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Thousands of complaints received over price spikes for hygiene essentials

The Competition and Markets Authority saw 21,000 complaints and has written to nearly 200 businesses warning them not to inflate prices.

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Hand sanitiser has been in short supply (Simon Cooper/PA)

Hand sanitiser has been in short supply (Simon Cooper/PA)

Hand sanitiser has been in short supply (Simon Cooper/PA)

Nearly 21,000 complaints have been made by the public over retailers and businesses trying to rip off shoppers with inflated prices for essentials including hand sanitiser and cleaning products, officials have said.

The Competition and Markets Authority (CMA) launched an investigation at the beginning of March and said on Friday it has since written to 187 businesses following 2,500 complaints relating just to those firms.

But with retail stock supplies returning to normal levels, the watchdog said four-out-of-five complaints are now related to consumers struggling to get refunds for cancelled events.

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There were empty shelves as hand sanitiser products sold out in the weeks leading up to lockdown (Yui Mok / PA)

There were empty shelves as hand sanitiser products sold out in the weeks leading up to lockdown (Yui Mok / PA)

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There were empty shelves as hand sanitiser products sold out in the weeks leading up to lockdown (Yui Mok / PA)

The new taskforce will set out its next steps for cracking down on businesses who continue to flout the rules.

It said: “The majority of businesses are behaving in a reasonable way at this time, but the CMA will not hesitate to take enforcement action if there is evidence that businesses have breached competition or consumer protection law.”

Shoppers have reported some shops inflating prices, with some pharmacies changing over-the-odds for sanitser and toilet rolls.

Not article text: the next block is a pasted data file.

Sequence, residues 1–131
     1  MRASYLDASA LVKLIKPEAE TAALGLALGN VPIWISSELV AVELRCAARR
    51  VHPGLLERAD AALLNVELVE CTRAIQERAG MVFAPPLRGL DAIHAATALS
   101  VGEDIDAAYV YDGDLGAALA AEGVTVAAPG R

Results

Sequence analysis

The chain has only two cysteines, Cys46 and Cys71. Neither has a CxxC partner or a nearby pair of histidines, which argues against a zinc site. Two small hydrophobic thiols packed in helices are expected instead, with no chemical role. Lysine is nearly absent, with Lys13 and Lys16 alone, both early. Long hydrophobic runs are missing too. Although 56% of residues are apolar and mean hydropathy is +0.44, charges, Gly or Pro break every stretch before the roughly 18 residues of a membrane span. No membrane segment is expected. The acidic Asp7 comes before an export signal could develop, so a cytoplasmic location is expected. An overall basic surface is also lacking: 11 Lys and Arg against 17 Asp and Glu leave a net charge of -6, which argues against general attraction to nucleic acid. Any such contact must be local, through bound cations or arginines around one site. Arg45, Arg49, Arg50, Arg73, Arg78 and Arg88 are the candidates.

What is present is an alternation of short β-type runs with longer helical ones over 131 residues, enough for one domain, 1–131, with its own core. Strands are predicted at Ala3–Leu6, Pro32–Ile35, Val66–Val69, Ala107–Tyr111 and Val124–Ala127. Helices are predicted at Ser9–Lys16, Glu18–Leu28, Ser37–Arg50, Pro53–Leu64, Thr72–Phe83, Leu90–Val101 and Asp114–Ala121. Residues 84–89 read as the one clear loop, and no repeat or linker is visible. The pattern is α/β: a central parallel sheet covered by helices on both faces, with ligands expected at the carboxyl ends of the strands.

However, many small businesses say they are being ripped off by suppliers who have upped their prices too.

The CMA said it is also looking at the behaviour of manufacturers and wholesalers over their charging policies during the lockdown.

At the start of March, as the Covid-19 outbreak was spreading through Europe, stores in the UK were being forced to limit purchases to avoid running out.

The CMA said it would start monitoring the issue and consider implementing pricing measures for certain products if problems arise.

Mike Ashley’s Sports Direct risked becoming one of the biggest casualties of the CMA’s new probe after it was revealed by the PA news agency that staff had been ordered to increase prices on home fitness equipment the day after the Government announced the lockdown.

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Sports Direct’s price rises introduced the day after lockdown was announced (PA Graphics)

Sports Direct’s price rises introduced the day after lockdown was announced (PA Graphics)

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Sports Direct’s price rises introduced the day after lockdown was announced (PA Graphics)

But with retail settling, the next problem comes for customers desperate to get refunds on holidays, weddings and events planned through the summer.

Airlines and travel agents, such as Lastminute.com, are trying to hand out vouchers in lieu of cash to thousands of passengers who are unable to travel, despite many wanting their money back as the economy takes a hit.

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